Be like Fox. Be foxy.

Dear Beloved Dancers,

I write to you from the beautiful Klamath Mountains of southern Oregon. Roy and I decided to do a little getaway in a cabin in the woods. It’s quiet here. There’s a serenity that gracefully seeps into my being as I spend time in the wilderness, held so gently by the trees. It feels intoxicatingly good to slow down here; to notice how the light shifts and changes throughout the day, to feel the caressing breeze on my bare arm, to attune to bird song in the morning. These are not things I normally pay attention to at home. I rush around too much, trying to get things done. But here, in this secluded cabin, I feel myself coming into balance. I feel my body come into center. I’m not pressing ahead. I’m not resisting, or leaning back. I discovered this quote today on my morning tea bag, “Today I have grown taller from walking with the trees.” That line is by the poet Karle Wilson Baker. Yes! I am surrendering to nature and letting her bring me back into alignment. I like to think of it as a gift from nature, that I get to see wild animals, like the 3 deer we’ve seen and the adorable little kit fox who greeted me outside the kitchen window early this morning. He lightly jumped from boulder to boulder, then sauntered down the driveway. I almost squealed with delight. A fox, so graceful and at ease within its body. I learn from the fox. I learn how to move, how to slither and playfully jump. I learn how to hop from boulder to boulder. You see? This little fox has taught me so much about the movement of the body! I wish I could dance with you tomorrow morning and try out my new foxy moves! Ha!

I miss you and I hope you are well. I hope you’re taking care of yourself (body, mind, spirit, heart) and each other. I hope you’re finding some pleasure, some joy. . . .like a walk in nature. . . .that nourishes your soul and heals your heart.

I wish you much loving kindness, Sweet Friends.

Let’s keep dancing together and keep strengthening our moving meditation practice so that we can feel that ease of being, so that we can feel connected to each other and to nature (just like fox).

It tickles me to tell you that our beloved Claire will be the one holding space tomorrow, bringing her incredible talents for combining supportive music and deep wisdom to us in the zoom room.

There’s the helpful link!

And here’s the marvelous poem:

Weathering by Fleur Adcock

Literally thin-skinned, I suppose, my face catches the wind off the snow-line and flushes with a flush that will never wholly settle. Well: that was a metropolitan vanity, wanting to look young for ever, to pass.

I was never a pre-Raphaelite beauty nor anything but pretty enough to satisfy men who need to be seen with passable women. But now that I am in love with a place which doesn’t care how I look, or if I’m happy,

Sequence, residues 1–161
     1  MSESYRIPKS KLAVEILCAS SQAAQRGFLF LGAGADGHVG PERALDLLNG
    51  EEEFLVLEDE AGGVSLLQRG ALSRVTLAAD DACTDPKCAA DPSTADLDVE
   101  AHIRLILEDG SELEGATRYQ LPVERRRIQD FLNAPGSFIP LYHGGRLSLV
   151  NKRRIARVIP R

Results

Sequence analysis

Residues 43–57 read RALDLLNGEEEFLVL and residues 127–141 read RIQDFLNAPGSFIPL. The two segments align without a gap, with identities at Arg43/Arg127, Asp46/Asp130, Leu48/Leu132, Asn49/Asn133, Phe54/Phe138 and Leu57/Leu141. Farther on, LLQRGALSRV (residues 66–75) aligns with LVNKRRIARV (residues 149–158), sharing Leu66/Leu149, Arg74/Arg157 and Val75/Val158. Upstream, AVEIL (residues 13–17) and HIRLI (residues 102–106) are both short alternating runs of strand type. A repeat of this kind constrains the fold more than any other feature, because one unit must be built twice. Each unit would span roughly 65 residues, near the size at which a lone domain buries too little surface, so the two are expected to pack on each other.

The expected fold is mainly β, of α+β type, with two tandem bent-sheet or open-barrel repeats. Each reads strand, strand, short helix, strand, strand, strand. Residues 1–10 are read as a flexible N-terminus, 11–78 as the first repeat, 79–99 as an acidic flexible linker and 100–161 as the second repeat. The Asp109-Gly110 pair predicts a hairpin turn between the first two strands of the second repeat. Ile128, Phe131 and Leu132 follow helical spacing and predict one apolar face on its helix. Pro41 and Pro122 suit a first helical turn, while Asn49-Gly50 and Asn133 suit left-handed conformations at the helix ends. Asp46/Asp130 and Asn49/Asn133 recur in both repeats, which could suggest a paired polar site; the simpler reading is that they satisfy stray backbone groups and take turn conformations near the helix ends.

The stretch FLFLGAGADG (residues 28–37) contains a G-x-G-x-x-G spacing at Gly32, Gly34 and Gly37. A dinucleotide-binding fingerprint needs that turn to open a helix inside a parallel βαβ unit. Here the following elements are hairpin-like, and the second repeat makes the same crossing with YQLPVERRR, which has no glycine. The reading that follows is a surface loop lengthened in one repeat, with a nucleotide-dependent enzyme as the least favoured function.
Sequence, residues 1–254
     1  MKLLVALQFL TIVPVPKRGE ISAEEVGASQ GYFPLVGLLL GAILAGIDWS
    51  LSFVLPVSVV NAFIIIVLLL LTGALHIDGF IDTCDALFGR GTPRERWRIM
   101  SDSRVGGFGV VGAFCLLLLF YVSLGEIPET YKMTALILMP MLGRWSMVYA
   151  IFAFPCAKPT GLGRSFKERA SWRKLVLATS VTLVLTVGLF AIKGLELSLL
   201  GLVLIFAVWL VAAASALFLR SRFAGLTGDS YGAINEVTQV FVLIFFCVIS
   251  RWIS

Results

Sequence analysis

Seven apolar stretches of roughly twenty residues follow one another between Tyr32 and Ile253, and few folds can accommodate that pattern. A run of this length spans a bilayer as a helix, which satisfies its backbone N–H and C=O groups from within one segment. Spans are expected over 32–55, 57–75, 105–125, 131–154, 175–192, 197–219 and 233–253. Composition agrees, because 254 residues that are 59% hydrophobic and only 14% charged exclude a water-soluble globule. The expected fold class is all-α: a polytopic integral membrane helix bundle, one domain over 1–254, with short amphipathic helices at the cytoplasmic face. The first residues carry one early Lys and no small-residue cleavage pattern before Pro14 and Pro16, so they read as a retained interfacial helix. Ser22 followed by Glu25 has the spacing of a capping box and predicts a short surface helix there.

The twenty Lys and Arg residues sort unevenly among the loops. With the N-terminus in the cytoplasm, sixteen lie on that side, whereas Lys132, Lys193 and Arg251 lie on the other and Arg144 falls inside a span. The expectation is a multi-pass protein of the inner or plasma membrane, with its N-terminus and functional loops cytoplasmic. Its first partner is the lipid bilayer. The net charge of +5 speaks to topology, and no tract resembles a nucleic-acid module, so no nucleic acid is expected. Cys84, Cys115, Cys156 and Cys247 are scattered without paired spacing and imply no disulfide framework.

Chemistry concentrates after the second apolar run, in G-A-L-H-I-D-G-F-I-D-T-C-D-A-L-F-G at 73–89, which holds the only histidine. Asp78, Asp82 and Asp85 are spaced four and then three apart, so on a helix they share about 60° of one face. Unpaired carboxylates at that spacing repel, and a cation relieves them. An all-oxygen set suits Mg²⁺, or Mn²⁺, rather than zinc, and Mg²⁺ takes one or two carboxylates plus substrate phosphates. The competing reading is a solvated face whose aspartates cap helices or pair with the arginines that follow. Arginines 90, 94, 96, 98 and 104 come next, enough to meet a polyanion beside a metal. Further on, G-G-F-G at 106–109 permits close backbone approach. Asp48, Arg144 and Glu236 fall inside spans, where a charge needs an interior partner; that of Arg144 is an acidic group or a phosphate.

happy is how I look, and that’s all. My hair will grow grey in any case, my nails chip and flake, my waist thicken, and the years work all their usual changes. If my face is to be weather-beaten as well

that’s little enough lost, a fair bargain for a year among the lakes and fells, when simply to look out of my window at the high pass makes me indifferent to mirrors and to what my soul may wear over its new complexion.

The line here that speaks to me most acutely: “But now that I am in love with a place which doesn’t care how I look, or if I’m happy, happy is how I look, and that’s all.”

I wish for you happiness (or at least some contentment; realizing that “happiness” might be a stretch in these chaotic times) and to be in love with the place you find yourself in.

Wait, wait, there’s more. I just thought of one more magical poem by Mary Oliver (of course) that I’d like to share. It’s my hope that you find it inspiring.

When I am among the trees, especially the willows and the honey locust, equally the beech, the oaks and the pines, they give off such hints of gladness. I would almost say that they save me, and daily.

I am so distant from the hope of myself, in which I have goodness, discernment, and never hurry through the world but walk slowly, and bow often.

Around me the trees stir in their leaves and call out, “Stay awhile.” The light flows from their branches.

And they call again, “It’s simple,” they say, “and you too have come into the world to do this, to go easy, to be filled with light, and to shine.”

Sending loving kindness and the hope that you might shine,


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